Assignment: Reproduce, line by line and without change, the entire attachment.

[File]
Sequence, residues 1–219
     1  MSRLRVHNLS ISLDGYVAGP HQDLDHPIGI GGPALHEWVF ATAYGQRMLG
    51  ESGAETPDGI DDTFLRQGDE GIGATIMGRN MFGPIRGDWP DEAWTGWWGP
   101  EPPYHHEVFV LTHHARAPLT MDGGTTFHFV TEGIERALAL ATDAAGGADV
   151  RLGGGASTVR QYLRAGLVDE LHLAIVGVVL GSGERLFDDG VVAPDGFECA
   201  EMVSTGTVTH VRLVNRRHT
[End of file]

Sequence, residues 1–219
     1  MSRLRVHNLS ISLDGYVAGP HQDLDHPIGI GGPALHEWVF ATAYGQRMLG
    51  ESGAETPDGI DDTFLRQGDE GIGATIMGRN MFGPIRGDWP DEAWTGWWGP
   101  EPPYHHEVFV LTHHARAPLT MDGGTTFHFV TEGIERALAL ATDAAGGADV
   151  RLGGGASTVR QYLRAGLVDE LHLAIVGVVL GSGERLFDDG VVAPDGFECA
   201  EMVSTGTVTH VRLVNRRHT